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I stumbled over the variable scope when inheriting a class with TclOO. The member variable nCrumbs below is not visible to the inherited class without repeating the declaration.

Is there a way to avoid replicating all the variable declarations from the superclass?

(I read through all the OO documentation, specifically oo::define and oo::object, also the non-exported stuff, googled for it. There are so many concepts to get around various things, I got lost. I am looking for something that keeps the inherited class as simple as possible. The superclass may have any fancy complicated code in it, though.)

Any help would be greatly appreciated, thanks.

oo::class create toaster {
    variable nCrumbs;                  #declaration

    constructor {} {
        set nCrumbs 0;                 #definition
    }

    method toast {nSlices} {
        if {$nCrumbs > 50} {
            error "== FIRE! FIRE! =="
        }
        set nCrumbs [expr $nCrumbs+4*$nSlices]
    }

    method clean {} {
        set nCrumbs 0
    }
}

oo::class create smartToaster {
    superclass toaster;                #inherit

    variable nCrumbs;                  #<======= have to declare again

    method toast {nSlices} {
        if {$nCrumbs > 40} {
            my clean
        }
        next $nSlices; #call superclass method
    }
}

set clsToaster [smartToaster new]
$clsToaster toast 2
share|improve this question

Donal, thanks for answering.

So I am assuming there is no mechanism available by default to make all the superclass variables available.

My current solution is to collect all variable names and then declare them with one single call. Yet, I have to repeat this in every method. I would want to put the declareSuperclassVars outside the methods. Is this possible somehow? Perhaps with another approach?

Thanks

oo::class create toaster {
    variable nCrumbs;                    #declaration
    variable toTest;                     #another one nowhere defined

    constructor {} {
        set nCrumbs 0;                   #definition
    }

    method toast {nSlices} {
        if {$nCrumbs > 50} {
            error "== FIRE! FIRE! =="
        }
        set nCrumbs [expr $nCrumbs+4*$nSlices]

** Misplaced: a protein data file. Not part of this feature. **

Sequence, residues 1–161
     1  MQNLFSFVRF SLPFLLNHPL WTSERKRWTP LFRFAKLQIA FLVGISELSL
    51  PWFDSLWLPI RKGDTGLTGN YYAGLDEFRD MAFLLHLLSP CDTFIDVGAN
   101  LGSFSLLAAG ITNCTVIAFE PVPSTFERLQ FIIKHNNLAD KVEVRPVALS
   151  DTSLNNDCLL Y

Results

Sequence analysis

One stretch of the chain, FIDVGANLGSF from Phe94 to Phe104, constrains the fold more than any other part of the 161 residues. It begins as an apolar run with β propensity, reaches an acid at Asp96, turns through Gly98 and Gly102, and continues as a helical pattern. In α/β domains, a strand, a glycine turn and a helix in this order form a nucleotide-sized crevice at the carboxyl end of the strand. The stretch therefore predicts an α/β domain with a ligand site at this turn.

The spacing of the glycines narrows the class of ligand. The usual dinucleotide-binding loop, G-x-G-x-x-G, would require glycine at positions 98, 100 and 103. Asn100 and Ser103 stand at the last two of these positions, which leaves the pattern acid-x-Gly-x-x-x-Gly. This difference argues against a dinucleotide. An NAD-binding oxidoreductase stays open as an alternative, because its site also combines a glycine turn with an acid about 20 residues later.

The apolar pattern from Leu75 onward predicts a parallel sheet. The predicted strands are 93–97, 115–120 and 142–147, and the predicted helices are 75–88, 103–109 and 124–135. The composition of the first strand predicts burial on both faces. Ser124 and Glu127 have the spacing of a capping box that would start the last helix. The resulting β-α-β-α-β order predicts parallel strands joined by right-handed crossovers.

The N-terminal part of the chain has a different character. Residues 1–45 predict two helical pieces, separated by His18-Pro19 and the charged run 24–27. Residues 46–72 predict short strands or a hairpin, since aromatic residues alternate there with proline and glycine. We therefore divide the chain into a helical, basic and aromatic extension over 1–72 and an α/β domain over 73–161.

}

    method clean {} {
        set nCrumbs 0
    }

    method declareSuperclassVars {} {
        my variable lSuperclassVars
        set lSuperclassVars [info vars]; #fill variable list
        uplevel 1 {
            my variable lSuperclassVars
            eval "my variable $lSuperclassVars"
        }
    }
}

oo::class create smartToaster {
    superclass toaster;                  #inherit

    #declareSuperclassVars;              #<======= would like to do it here

    method toast {nSlices} {
        my declareSuperclassVars;        #declare all at once

        if {$nCrumbs > 40} {
            my clean
        }
        next $nSlices; #call superclass method
    }
}

set clsToaster [smartToaster new]
$clsToaster toast 2
share|improve this answer
    
See my edit to my post. Still think it is a bad idea, but it's quite possible. – Donal Fellows Dec 22 '15 at 15:51

The variable is physically located (if you can say that for code) in a private namespace for the object instance. By doing variable in the declaration, you are directing the method bindings to merely make it available without further commands.

But yes, subclasses have to use variable as well to see it by default, or to use one of the standard Tcl variable scope management commands, e.g., upvar or namespace upvar, or even the private variable method.

oo::class create smartToaster {
    superclass toaster
    method toast {nSlices} {
        my variable nCrumbs
        if {$nCrumbs > 40} {
            my clean
        }
        next $nSlices
    }
}
oo::class create smartToaster {
    superclass toaster
    method toast {nSlices} {
        namespace upvar [namespace current] nCrumbs nc
        if {$nc > 40} {
            my clean
        }
        next $nSlices
    }
}

It didn't used to be that way, but it was found to be just too confusing otherwise; the variable declarations for a class only affect the methods of that class, not its subclasses.


[EDIT]: It is possible to make a parent's variables also visible in the child via appropriate metaclass magic:

oo::class create Class {
    superclass oo::class
    constructor args {
        next {*}$args
        set cs [info class superclasses [self]]
        while {[llength $cs]} {
            set cs [concat [lassign $cs c] [info class superclasses $c]]
            oo::define [self] variable -append {*}[info class variables $c]
        }
    }
}

Demonstrating this:

% Class create foo {
    variable x
}
::foo
% Class create bar {
    superclass foo
    variable y
}
::bar
% Class create boo {
    superclass bar
    variable z
}
::boo
% info class variables boo
z y x

While I don't in general recommend this as it makes a subclass much more fragile when a superclass evolves, and it doesn't track any changes to the superclass, it's easy to set up with a little scripting. You just delegate the smartness to your own metaclass and use that to construct all your operational classes (which are purely conventional TclOO classes from there on).

share|improve this answer

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